- Maderuelo-Fernandez JA, Recio-Rodriguez JI, Patino-Alonso MC, et al. Effectiveness of interventions applicable to primary health care settings to promote Mediterranean diet or healthy eating adherence in adults: A systematic review. Prev Med 2015; 76 Suppl: S39-55.
- Trichopoulou A, Martinez-Gonzalez MA, Tong TY, et al. Definitions and potential health benefits of the Mediterranean diet: views from experts around the world. BMC Med 2014; 12: 112.
- Trichopoulou A, Vasilopoulou E. Mediterranean diet and longevity. Br J Nutr 2000; 84 Suppl 2: S205-209.
- Serra-Majem L, Roman B, Estruch R. Scientific evidence of interventions using the Mediterranean diet: a systematic review. Nutr Rev 2006; 64 (2 Pt 2): S27-47.
- Roman B, Carta L, Martinez-Gonzalez MA, et al. Effectiveness of the Mediterranean diet in the elderly. Clin Interv Aging 2008; 3 (1): 97-109.
- Buckland G, Bach A, Serra-Majem L. Obesity and the Mediterranean diet: a systematic review of observational and intervention studies. Obes Rev 2008; 9 (6): 582-593.
- Sofi F, Cesari F, Abbate R, et al. Adherence to Mediterranean diet and health status: meta-analysis. BMJ 2008; 337: a1344.
- Sofi F, Macchi C, Abbate R, et al. Mediterranean diet and health status: an updated meta-analysis and a proposal for a literature-based adherence score. Public Health Nutr 2014; 17 (12): 2769-2782.
- de Lorgeril M, Salen P. The Mediterranean diet: rationale and evidence for its benefit. Curr Atheroscler Rep 2008; 10 (6): 518-522.
- Martinez-Gonzalez MA, Bes-Rastrollo M, Serra-Majem L, et al. Mediterranean food pattern and the primary prevention of chronic disease: recent developments. Nutr Rev 2009; 67 Suppl 1: S111-116.
- Tyrovolas S, Panagiotakos DB. The role of Mediterranean type of diet on the development of cancer and cardiovascular disease, in the elderly: a systematic review. Maturitas 2010; 65 (2): 122-130.
- Esposito K, Maiorino MI, Ceriello A, et al. Prevention and control of type 2 diabetes by Mediterranean diet: a systematic review. Diabetes Res Clin Pract 2010; 89 (2): 97-102.
- Sofi F, Abbate R, Gensini GF, et al. Accruing evidence on benefits of adherence to the Mediterranean diet on health: an updated systematic review and meta-analysis. Am J Clin Nutr 2010; 92 (5): 1189-1196.
- Esposito K, Kastorini CM, Panagiotakos DB, et al. Mediterranean diet and weight loss: meta-analysis of randomized controlled trials. Metab Syndr Relat Disord 2011; 9 (1): 1-12.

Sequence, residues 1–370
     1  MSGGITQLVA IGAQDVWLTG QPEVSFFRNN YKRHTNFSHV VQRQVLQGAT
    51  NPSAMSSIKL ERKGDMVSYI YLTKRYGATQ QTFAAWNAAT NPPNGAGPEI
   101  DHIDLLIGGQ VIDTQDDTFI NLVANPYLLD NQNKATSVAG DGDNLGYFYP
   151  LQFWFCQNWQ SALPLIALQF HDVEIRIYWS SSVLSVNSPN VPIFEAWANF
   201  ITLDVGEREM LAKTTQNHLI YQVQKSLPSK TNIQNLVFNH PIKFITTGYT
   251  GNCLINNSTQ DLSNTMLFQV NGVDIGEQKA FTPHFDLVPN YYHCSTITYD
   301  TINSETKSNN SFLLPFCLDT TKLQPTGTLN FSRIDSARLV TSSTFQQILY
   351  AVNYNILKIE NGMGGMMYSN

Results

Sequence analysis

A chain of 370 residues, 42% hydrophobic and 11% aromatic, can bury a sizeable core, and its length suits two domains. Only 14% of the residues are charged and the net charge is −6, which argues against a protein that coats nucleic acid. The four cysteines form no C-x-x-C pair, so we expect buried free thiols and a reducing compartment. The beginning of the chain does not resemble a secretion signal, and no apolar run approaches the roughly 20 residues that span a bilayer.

- Esposito K, Kastorini CM, Panagiotakos DB, et al. Mediterranean diet and metabolic syndrome: an updated systematic review. Rev Endocr Metab Disord 2013; 14 (3): 255-263.
- Esposito K, Giugliano D. Mediterranean diet and type 2 diabetes. Diabetes Metab Res Rev 2014; 30 Suppl 1: 34-40.
- Rees K, Takeda A, Martin N, et al. Mediterranean-style diet for the primary and secondary prevention of cardiovascular disease. Cochrane Database Syst Rev 2019; 3: Cd009825.
- Bullo M, Lamuela-Raventos R, Salas-Salvado J. Mediterranean diet and oxidation: nuts and olive oil as important sources of fat and antioxidants. Curr Top Med Chem 2011; 11 (14): 1797-1810.
- Koloverou E, Esposito K, Giugliano D, et al. The effect of Mediterranean diet on the development of type 2 diabetes mellitus: a meta-analysis of 10 prospective studies and 136,846 participants. Metabolism 2014; 63 (7): 903-911.
- Psaltopoulou T, Sergentanis TN, Panagiotakos DB, et al. Mediterranean diet, stroke, cognitive impairment, and depression: A meta-analysis. Ann Neurol 2013; 74 (4): 580-591.
- Grosso G, Mistretta A, Frigiola A, et al. Mediterranean diet and cardiovascular risk factors: a systematic review. Crit Rev Food Sci Nutr 2014; 54 (5): 593-610.
- Martinez-Gonzalez MA, Bes-Rastrollo M. Dietary patterns, Mediterranean diet, and cardiovascular disease. Curr Opin Lipidol 2014; 25 (1): 20-26.
- Ros E, Martinez-Gonzalez MA, Estruch R, et al. Mediterranean diet and cardiovascular health: Teachings of the PREDIMED study. Adv Nutr 2014; 5 (3): 330S-336S.
- Georgoulis M, Kontogianni MD, Yiannakouris N. Mediterranean diet and diabetes: prevention and treatment. Nutrients 2014; 6 (4): 1406-1423.
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- Schwingshackl L, Hoffmann G. Mediterranean dietary pattern, inflammation and endothelial function: a systematic review and meta-analysis of intervention trials. Nutr Metab Cardiovasc Dis 2014; 24 (9): 929-939.